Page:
Jo Ann Wold
Jo Ann Wold was a journalist, author and historian — a remarkable trifecta for someone struck by polio at age 12.
In 1950, no vaccine for the devastating disease was available. So while Wold was able to escape the “iron lung” used to help her breath initially, she remained paralyzed below the neck until her death.
After growing up in Fairbanks, Wold attended UAF and studied journalism under well-known professors Chuck Keim and Jimmy Bedford. However, she didn’t receive a degree until 1979, when UAF granted her an honorary doctorate.
Wold worked as the society editor at the Fairbanks Daily News-Miner in the 1960s. She struck the typewriter keys using a stick held in her mouth.
Using that technique, Wold wrote several books, both fiction and nonfiction. She served as historian for the Tanana-Yukon Historical Society.
"We forgot her helplessness because she didn't seem to be helpless,” fellow writer Jane Pender recalled after Wold’s death in 1985 at age 47.
Wold’s work added to the public’s knowledge of two of the most prominent people associated with UAF’s early days — Judge James Wickersham and Margaret Murie.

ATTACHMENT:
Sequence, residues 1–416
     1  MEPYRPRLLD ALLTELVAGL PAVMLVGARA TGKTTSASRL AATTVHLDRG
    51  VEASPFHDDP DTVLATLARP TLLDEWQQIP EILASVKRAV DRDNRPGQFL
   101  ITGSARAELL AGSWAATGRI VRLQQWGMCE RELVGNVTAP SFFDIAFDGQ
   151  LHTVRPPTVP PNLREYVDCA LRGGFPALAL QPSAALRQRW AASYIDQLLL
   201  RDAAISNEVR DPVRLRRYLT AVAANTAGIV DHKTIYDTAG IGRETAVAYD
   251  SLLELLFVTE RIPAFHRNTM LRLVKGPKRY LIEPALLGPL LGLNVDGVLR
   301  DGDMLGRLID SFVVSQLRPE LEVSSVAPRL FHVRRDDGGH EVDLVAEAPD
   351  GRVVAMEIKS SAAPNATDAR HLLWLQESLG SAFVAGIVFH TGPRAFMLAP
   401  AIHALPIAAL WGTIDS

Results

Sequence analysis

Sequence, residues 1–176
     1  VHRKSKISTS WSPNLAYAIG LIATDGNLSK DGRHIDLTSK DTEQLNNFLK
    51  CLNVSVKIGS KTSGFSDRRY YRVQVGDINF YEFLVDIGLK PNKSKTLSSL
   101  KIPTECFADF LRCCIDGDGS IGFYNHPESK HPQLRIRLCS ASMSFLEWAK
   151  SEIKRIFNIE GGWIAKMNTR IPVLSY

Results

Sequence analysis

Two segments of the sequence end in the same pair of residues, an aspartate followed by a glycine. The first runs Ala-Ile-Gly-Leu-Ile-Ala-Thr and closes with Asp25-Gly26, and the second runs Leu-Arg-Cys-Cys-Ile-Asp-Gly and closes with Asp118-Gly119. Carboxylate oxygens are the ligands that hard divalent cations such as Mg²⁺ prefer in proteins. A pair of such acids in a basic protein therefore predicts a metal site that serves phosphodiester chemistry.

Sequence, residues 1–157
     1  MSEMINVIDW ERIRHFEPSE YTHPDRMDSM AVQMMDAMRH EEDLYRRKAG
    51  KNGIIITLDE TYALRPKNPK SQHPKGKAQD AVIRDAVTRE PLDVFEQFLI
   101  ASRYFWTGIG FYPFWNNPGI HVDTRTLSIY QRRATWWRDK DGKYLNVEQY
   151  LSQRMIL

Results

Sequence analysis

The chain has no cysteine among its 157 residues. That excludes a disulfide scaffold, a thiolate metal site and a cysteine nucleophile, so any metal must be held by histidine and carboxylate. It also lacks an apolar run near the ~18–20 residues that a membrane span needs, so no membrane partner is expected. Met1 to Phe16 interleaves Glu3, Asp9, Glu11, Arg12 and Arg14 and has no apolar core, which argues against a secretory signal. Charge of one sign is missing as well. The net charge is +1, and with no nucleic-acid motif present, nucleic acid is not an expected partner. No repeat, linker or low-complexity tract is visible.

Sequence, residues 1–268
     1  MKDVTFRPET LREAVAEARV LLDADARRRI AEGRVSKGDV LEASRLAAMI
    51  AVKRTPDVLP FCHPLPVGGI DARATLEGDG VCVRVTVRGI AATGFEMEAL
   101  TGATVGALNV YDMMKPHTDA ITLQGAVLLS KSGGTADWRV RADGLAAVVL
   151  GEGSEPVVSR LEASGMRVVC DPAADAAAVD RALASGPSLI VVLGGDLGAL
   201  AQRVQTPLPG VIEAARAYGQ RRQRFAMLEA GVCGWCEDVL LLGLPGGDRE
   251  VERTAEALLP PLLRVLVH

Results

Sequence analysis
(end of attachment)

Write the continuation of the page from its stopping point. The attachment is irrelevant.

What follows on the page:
As a delegate to Congress, Wickersham in 1915 secured a land grant for a college in Alaska. Wold wrote a booklet about Wickersham and his home life.
In 1924, Margaret Murie became the second person and first woman to graduate from the Alaska Agricultural College and School of Mines, which 11 years later was renamed the University of Alaska. Wold’s book, “This Old House,” tells the story of Murie’s close friends and neighbors, Clara and Jess Rust.
After Wold’s death, a UAF journalism scholarship was established in her name.
More online about Jo Ann Wold:
A 2016 Anchorage Daily News article by journalist Dermot Cole.
A copy of Wold’s booklet, “Wickersham: The Man at Home,” about the Fairbanks life of James Wickersham, who in 1915 secured land in Congress for the AACSM.
A 2014 article by Ray Bonnell that recounts part of Clara Rust’s story, which Wold set down in her most well-known book, “This Old House.”
An article that describes the role that Clara Rust, Wold’s subject in “This Old House,” played in the life of UAF’s first woman graduate, Mardie Murie.